A while ago I wrote about using vinegar as a weed killer, in Vinegar Weed Killer Myth and reported on the scientific evidence for vinegar weed killer. It does not kill larger weeds with established roots, but can have an effect on seedlings. Vinegar is recommended so much in social media that I decided to give it a try myself.
I ran a few simple experiments to see how effective vinegar is for killing weeds.
Vinegar Weed Killer
In this post vinegar refers to the stuff you can buy in a grocery store. I decided to use pickling vinegar with a 7% acetic acid concentration. Around here it is the same price as the 5% strength, so you might as well buy 7%. Besides it might work better.
This post does not discuss 20% acetic acid which is a dangerous chemical that does kill some weeds.
Homemade Weed Killer: Vinegar
So vinegar kills some weed seedlings, but mostly it just burns off the green parts above ground. I was curious to see how effective it is. It might be a worthwhile product to use on a patio where a lot of the weeds are seedlings.
I just happened to have some weeds in my patio. OK, I always have weeds in my patio, but I have a garden open house in two weeks and need to remove them to make people think that I am always weed free.
People claim that the weeds “die within hours” of being sprayed. After a few hours I saw some browning, but not very much. I decided to wait until the next day before taking the following pictures.
24 Hours Later
The weeds in the sprayed area do look quite dead. The green ones in the top and upper right corner of the picture were not sprayed.
You can see that some of the smaller weeds have brown leaves, but the larger weeds seem to be unaffected. So I gave them a second good soaking.
After Second Spraying
The vinegar did not do a good job on the large weeds. Even after several days, they had some green leaves. I ended up removing them by hand before the open house just to clean things up.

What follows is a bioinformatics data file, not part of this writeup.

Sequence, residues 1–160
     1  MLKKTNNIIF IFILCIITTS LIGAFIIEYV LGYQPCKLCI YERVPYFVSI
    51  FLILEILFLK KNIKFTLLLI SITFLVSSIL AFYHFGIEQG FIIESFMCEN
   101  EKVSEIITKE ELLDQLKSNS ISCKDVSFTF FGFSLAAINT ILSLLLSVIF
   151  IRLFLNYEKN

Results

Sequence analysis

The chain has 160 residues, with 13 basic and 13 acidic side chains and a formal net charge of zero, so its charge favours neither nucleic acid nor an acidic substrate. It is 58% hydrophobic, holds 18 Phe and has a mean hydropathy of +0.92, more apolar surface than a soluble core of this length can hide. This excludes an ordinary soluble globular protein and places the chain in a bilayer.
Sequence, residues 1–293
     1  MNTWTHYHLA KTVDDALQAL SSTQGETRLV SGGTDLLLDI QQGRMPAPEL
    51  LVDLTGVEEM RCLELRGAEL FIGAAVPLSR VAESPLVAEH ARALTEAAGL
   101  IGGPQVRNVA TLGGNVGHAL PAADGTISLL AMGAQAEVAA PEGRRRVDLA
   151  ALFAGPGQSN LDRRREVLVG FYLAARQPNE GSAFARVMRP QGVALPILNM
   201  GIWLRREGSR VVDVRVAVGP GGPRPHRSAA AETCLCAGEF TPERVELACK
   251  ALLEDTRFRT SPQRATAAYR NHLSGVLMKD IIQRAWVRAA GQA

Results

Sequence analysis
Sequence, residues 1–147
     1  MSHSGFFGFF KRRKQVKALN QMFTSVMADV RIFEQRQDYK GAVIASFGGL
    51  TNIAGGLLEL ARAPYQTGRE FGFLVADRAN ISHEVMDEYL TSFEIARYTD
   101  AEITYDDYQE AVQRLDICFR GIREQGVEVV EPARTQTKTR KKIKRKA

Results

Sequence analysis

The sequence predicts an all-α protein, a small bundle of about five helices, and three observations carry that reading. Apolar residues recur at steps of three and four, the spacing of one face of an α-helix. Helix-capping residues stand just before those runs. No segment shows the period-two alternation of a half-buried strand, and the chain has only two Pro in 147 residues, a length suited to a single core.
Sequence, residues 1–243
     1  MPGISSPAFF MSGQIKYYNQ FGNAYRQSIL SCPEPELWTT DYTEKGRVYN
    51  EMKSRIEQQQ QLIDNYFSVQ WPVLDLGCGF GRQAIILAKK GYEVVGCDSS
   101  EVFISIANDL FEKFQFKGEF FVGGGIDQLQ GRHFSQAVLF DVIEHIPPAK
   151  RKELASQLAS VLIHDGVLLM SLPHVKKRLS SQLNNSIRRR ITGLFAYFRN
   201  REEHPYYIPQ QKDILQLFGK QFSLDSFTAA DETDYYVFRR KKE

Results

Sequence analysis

Eight Weeks Later
It is now mid August, and the above picture shows the area where the small weeds were sprayed. They did not regrow. The one large weed is a crabgrass that has recently grown from seed. I have to admit, it was more effective than I expected. I can understand why people claim vinegar kills weeds.
Vinegar vs Crabgrass
The above experiment showed that vinegar does kill small seedlings. By mid August the spaces between my flag stone pathway was full of crabgrass. I wondered if vinegar could be effective against crabgrass?
I used the same pickling vinegar as in the above experiment, and sprayed the pathways.
Not all of the weeds in the pictures are crabgrass, but many of them are.
After Pictures (24 hours after being sprayed with pickling vinegar):
The plant leaves are certainly brown, and to the untrained eye – they look dead. The green weeds in the upper left corner of the closeup view are weeds that did not get sprayed.
If you get real close to the weeds, as in this next picture, you will see that the crown of the plant and the stems are still green. For the most part, only the flat blades of the leaves were damaged by the vinegar, and then only the ones that got into direct contact with the vinegar.
A week later, and the weeds were growing back with new leaves. They were not killed by the vinegar.
Vinegar is a Contact Herbicide
The above pictures show that the vinegar only affects the parts of the plant it contacts. That is consistent with the scientifically reported mechanism for vinegar. It affects the cell membranes of a plant, causing rapid breakdown/desiccation of foliage tissue on contact. It is a contact herbicide only damaging the green parts it contacts. The rest of the plant, and especially the roots are unaffected by the vinegar. This explains why it is not a very good herbicide for larger plants.